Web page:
Aging with “Gusto” at the Faculty of Health Lunch and Learn

Harvey Skinner and Michael Gravelle The Faculty of Health hosted its third Lunch and Learn on Wednesday, November 20, 2013. Michael Gravelle, a retired Managing Director for a company specializing in psychometric assessment and talent management and currently a fitness instructor, certified personal trainer, triathlete, writer, and speaker, spoke to faculty and staff in the Faculty of Health about healthy aging.

Dean Harvey Skinner (left) and Michael Gravelle

Gravelle’s presentation Where’s the Reset Button? looked at five ways to slow the aging process and started off with a game that he referred to as “Two Truths and a Lie.” In answer to three questions, participants had to fill in the blanks with two honest answers and one lie, and the other attendees had to guess which answer was the lie. The questions, including “The last time I exercised was…”, “The last time I ate McDonald’s was…” and “In university, I weighed __ lbs more/less than I do today” were humorously punctuated by Gravelle by the fact that “being in university” didn’t mean right there and then in the Stong Master’s Dining Room, and “McDonald’s” also referred to every other junk-food restaurant in town.

The icebreaker warmed attendees to a harsh reality: that most people’s “A-Ha!” moments of feeling the need to lose weight and get healthier often involved heart attacks, strokes, or pregnancy. However, the presentation was meant to support people’s  choices to get healthy without the scary moments of realization.

Attendees at Faculty of Health Lunch and LearnIronically, Gravelle used a Grecian myth to make people aware of  modern realities. He told the story of the immortal goddess Eos, who asked for immortality for her lover, Tithonus, but had forgotten to ask for his eternal youth. As a result, Tithonus lived forever but as a frail old man. This is the modern Canadian reality, said Gravelle: “Canadians live to an average age of 81, so we live longer, but we live sicker.”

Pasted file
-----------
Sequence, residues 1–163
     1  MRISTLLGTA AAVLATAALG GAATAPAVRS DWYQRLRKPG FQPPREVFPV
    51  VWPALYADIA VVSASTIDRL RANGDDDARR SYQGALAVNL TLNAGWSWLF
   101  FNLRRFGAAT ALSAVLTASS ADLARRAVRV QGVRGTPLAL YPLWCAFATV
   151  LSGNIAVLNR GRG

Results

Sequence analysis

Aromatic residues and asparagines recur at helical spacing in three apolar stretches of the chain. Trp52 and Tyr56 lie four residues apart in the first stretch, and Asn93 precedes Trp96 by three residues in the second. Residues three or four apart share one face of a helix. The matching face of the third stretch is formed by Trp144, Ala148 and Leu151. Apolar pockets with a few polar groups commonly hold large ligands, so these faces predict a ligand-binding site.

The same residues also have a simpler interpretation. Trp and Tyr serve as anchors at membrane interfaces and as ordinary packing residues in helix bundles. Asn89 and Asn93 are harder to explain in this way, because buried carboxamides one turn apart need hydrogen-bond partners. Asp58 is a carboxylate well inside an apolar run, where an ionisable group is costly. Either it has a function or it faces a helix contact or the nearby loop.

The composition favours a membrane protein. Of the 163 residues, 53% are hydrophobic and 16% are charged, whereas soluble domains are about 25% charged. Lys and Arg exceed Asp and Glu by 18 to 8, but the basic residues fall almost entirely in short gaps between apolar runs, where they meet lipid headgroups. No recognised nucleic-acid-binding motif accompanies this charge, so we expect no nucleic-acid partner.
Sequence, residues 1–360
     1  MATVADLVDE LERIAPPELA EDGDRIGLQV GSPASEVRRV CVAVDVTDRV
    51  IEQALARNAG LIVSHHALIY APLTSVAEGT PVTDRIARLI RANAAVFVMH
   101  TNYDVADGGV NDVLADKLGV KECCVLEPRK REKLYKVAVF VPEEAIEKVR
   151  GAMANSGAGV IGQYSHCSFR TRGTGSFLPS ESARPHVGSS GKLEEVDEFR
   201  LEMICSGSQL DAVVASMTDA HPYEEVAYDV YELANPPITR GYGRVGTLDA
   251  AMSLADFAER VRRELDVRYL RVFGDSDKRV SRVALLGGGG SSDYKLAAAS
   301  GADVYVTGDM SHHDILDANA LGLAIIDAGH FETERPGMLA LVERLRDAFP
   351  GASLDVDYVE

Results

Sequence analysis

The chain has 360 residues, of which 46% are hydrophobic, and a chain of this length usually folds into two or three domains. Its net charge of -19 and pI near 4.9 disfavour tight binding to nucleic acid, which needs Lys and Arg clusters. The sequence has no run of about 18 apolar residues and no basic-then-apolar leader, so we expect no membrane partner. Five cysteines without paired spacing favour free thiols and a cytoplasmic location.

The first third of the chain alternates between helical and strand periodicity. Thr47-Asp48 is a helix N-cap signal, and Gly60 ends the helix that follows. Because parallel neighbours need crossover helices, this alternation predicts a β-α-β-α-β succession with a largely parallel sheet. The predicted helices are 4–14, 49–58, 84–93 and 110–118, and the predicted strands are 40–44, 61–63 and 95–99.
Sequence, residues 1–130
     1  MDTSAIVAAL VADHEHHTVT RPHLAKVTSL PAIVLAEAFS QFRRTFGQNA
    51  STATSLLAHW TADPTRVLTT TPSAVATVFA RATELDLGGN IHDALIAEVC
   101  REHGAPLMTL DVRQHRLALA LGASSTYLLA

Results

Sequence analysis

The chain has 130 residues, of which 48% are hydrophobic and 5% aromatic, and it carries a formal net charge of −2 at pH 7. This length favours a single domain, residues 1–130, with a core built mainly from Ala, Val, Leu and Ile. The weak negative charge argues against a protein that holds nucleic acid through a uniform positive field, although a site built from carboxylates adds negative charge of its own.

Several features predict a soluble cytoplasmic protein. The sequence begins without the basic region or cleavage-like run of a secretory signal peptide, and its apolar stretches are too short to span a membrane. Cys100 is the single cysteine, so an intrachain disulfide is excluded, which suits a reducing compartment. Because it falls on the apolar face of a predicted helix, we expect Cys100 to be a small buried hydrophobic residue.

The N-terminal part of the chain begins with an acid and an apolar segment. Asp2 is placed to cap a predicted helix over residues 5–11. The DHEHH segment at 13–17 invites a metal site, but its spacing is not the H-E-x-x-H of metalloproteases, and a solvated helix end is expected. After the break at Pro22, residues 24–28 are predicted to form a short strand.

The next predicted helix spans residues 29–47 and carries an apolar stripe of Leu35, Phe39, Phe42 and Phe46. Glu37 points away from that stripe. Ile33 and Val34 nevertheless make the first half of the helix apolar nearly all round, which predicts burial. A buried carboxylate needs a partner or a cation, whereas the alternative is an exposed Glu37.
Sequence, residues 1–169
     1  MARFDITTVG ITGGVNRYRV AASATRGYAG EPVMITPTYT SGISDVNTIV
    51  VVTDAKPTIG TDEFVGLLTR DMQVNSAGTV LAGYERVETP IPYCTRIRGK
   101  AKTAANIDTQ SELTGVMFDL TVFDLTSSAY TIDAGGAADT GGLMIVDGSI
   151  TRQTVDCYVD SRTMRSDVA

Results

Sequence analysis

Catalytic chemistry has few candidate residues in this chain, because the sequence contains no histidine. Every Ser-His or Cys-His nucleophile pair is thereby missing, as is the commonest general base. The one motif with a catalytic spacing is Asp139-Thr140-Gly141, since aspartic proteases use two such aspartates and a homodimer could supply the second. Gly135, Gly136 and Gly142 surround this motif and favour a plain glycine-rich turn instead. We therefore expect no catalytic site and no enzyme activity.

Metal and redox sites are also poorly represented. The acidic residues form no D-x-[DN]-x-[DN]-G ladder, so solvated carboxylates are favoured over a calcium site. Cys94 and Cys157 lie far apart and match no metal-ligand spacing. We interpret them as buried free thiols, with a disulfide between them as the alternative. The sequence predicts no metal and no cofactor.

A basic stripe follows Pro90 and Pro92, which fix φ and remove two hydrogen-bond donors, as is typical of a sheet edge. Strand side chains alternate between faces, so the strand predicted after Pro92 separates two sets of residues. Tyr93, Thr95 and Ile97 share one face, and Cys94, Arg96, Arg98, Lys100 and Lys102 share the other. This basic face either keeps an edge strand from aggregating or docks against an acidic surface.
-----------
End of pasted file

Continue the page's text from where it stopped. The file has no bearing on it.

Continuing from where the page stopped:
In order to improve your odds of living healthy in your later years, Gravelle proposed 5 steps: Set a bold goal (like a triathalon!), take active vacations, make your daily life more active, use technology to make exercising fun, and start a life-long habit. Groups broke out to discuss ways to make their daily lives more active, and ideas such as Dean Harvey Skinner’s “walking meetings” were brought up, as well as having meetings at someone else’s office, starting a walking club, and getting off transit a stop before your stop or parking at the far end of the parking lot.

“There are two ways to make your habits stick: work out in the morning, and work out with others,” said Gravelle. He cited examples of thousands of runners waking up at 5am all across the city to get their jogging time in before their days “start.” Health is a part of everyone’s life that they have to make time for, and sometimes it means going to bed early and starting your day the same way.

Motivation was another important theme and Gravelle cited technology as a way to keep exercise fun, specifically social media platforms such as strava.com that show how much exercise your friends have been doing and allow you to network with people with similar interests.

Attendees enjoying activities at Faculty of health Lunch and Learn

“Expect to suffer tremendously,” said Gravelle, “if you want to lose weight. And don’t wing it or expect miracles. Exercise alone won’t work, you need to eat less. Keep track of what you eat, weigh yourself often, and avoid restaurants.” On that latter point he stressed the importance of eating normal serving sizes. “I haven’t ordered a full-size main at a restaurant in about 5 years – I order appetizers and share mains.” He added that diets don’t work – you will gain back the weight unless you make permanent changes to your diet involving healthier choices, including fruits and vegetables, coupled with normal serving sizes.

He recounted an active European vacation he took with his wife, one week of which was spent touring wineries by bike, and the other, by car. “My wife gets asked all the time (and loves telling) about the bike tour because it was unconventional, and such a great way to see a new country – and unlike Toronto, many European cities have great biking infrastructure.”

Another key point, said Gravelle, is you are never too young or too old to start exercise, citing the story of 101 year-old Indian-born runner Fauja Singh who ran his first marathon at age 90. That seemed to inspire a group at one table to mention that they are starting a walking club at lunch. “That’s great, so when are you going to have your walking meeting?” asked Gravelle “What time? What day? How often? Make a plan and stick to it. Use strava.com and (Dean) Harvey (Skinner) will keep track.”